Original SBD Dauntless Blueprints: Fuselage Geometry (4)

In the previous post I used ordinals from the newly found fuselage geometry diagram for creating a set of the 3D reference planes:

Figure 118-1 Fuselage data points, grouped into intersecting planes

In this post I will span a smooth subdivision surface between these points. I think that such an interpolation will provide a more accurate reference than the longerons (stiffeners), which I previously shaped in this post (see there Figure 112-07).

I compared my previous approximation of the fuselage shape, based on the partial data from the NASM microfilm, with these ordinates. In general, it seems that it was quite accurate:

Figure 118-2 Comparing my previous fuselage approximation with the accurate data points

The wing fillet fits well these ordinates – its shape requires just some minor adjustments. On the other hand, I can see that the radius of the upper parts of the tail bulkheads was somewhat smaller. At least I was right, assuming that this radius was constant along the rear gun doors. In this way these doors could be formed as a part of the cylindrical surface, which simplified their production.

Ordinates from this SDASM blueprint confirmed many of other assumptions that I made basing on the partial NASM blueprints (see my first two posts on the fuselage geometry):

Figure 118-3 Other details of the SBD fuselage geometry

Note the flattened cross-section of the wing root fillet. This diagram confirms my hypothesis about this shape, based on the shape of its trailing edge in the top view (see this post). It also confirms another assumption: that in the rear view all the fuselage stiffeners (I called them “longerons”) run along straight lines, spanning radially from the fuselage center. In the tail area, these lines are equally spaced: 15° from each other. In the mid-fuselage some of them are bent upward.

When I looked at the forward part of the fuselage described by the Douglas geometry diagram, I realized that there is something wrong with the upper contours of frames 1 and 2:

Figure 118-4 Fuselage detail missed in the diagram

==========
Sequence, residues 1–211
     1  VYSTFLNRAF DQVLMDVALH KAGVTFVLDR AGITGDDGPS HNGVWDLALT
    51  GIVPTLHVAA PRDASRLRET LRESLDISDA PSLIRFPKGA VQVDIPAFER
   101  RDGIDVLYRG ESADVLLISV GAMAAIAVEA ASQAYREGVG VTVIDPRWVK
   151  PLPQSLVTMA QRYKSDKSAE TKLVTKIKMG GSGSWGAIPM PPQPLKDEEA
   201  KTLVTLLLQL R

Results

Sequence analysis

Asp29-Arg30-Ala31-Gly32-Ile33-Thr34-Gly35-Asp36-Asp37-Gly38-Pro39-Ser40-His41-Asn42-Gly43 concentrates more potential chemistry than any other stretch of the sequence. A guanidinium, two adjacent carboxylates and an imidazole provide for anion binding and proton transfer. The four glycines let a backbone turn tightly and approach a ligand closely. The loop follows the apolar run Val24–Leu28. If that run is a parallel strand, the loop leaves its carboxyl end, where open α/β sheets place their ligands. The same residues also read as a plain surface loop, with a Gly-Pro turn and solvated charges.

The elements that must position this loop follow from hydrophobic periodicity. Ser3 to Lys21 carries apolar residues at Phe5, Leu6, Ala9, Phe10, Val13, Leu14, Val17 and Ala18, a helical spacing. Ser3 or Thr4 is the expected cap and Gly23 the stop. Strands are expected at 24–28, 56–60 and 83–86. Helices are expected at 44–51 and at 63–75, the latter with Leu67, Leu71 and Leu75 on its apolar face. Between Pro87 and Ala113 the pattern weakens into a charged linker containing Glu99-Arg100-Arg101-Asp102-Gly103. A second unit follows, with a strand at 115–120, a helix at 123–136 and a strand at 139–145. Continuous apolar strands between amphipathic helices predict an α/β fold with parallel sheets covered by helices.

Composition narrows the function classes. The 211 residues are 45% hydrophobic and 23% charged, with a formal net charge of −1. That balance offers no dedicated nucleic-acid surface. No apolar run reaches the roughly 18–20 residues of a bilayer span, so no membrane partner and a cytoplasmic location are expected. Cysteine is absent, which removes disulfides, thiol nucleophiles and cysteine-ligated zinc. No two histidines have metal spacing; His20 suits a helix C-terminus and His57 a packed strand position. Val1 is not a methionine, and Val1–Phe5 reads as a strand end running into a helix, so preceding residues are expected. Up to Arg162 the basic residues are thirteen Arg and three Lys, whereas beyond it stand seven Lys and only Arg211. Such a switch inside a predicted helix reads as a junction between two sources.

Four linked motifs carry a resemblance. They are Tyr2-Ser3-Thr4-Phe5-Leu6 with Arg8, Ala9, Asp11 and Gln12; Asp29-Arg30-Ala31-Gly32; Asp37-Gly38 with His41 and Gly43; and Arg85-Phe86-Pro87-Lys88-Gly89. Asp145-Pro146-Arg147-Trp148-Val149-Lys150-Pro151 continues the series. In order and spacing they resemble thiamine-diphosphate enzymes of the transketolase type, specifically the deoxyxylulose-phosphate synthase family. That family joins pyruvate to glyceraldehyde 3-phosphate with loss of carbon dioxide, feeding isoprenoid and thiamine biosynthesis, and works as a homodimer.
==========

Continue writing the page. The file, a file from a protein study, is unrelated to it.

While most of the frame 1 data points perfectly fitted the firewall assembly drawing, they missed the “bulged” covers around the fuselage guns. Fortunately, I was able to recreate this cowling using dimensions from the windscreen and firewall assembly drawings.

I think that this diagram was based on the original Northrop XBT-2 prototype drawings. As you can see below, the upper cowling between frame 1 and frame 2 looks like in the geometry diagram:

Figure 118-5 XBT-2: the first prototype (built by Northrop)

XBT-2 was equipped with a single forward-firing gun, mounted on the right side, in the front of the pilot. Thus, left contours of its frame 1 and frame 2 could match the elliptic shape, depicted in this diagram. I suppose that the geometry of all other XBT-2 fuselage frames (3 … 17) match their counterparts in the serial SBDs.

Illustration below shows the smooth surfaces, spanned over the reference polygons. In this case, I corrected the shape of the wing fillet surfaces (blue and red), extending them up to frame 13. Then I added new surface (gray) which covers the main portions of the fuselage. Behind the cockpit, I fitted its shape to the cylinder. Upper parts of this cylinder cross sections fit the corresponding ordinal points of the fuselage frames:

Figure 118-6 Reference planes, covered with smooth skin

To make sure that this “skin” passes through the original geometry, I placed it little below the ordinal points. In the effect, the vertices of the reference polygons minimally protrude from this surface – by about 0.01”. This is well within the range of eventual errors in locations of these ordinal points, and below the thickness of the real fuselage skin (0.03”). In this way I was able to visually check if the modeled surface fits all ordinal points.

On the other hand, the geometry of the WW2 aircraft was always given “as for the skeleton”, i.e. did not take into account the skin thickness.

When I compared the resulted shape with the fuselage assembly blueprint, I saw that its upper contour precisely follows the ordinates. There were some minor differences along the bottom contour plotted on this drawing:

Figure 118-7 Comparing the resulting contour with the fuselage assembly blueprint

These minor differences are OK, since these lines on such an assembly drawing are of least importance. In this blueprint, the key information are the referenced part numbers.

However, some months ago, when I did not have these explicit ordinates, I concluded that the upper fuselage contour was 0.3” higher than on this blueprint (see this post, figures 113-7 to 113-9). It looks like that on this high-resolution photo, which I matched  with my model:

Figure 118-8 Differences in the fuselage contours behind the cockpit (in a restored SBD-5)

Because the explicit dimensions did not confirm these findings, I verified this hypothesis using matched photos of another restored SBD-5:

Figure 118-9 Comparing fuselage shape with another restored SBD-5

In both aircraft we can see identical difference in the dorsal fillet shape, but the fuselage, shaped according to the ordinals, perfectly fits the second picture. There is no visual difference, especially as significant as 0.3”. Thus – this higher upper contour is an individual feature of the restored SBD-5 from the first photo. Most probably they inaccurately rebuilt its tail section.

When you are looking into something for too long (as I did in the case of this fuselage) you can sometimes “find” a non-existing feature! In such a case, the explicit dimensions, as these ordinals, are invaluable.

On the other hand, I suppose that these photos depict the true shape of the dorsal fillet. (Unfortunately, its ordinals were provided in a separate blueprint, which is still missing.)

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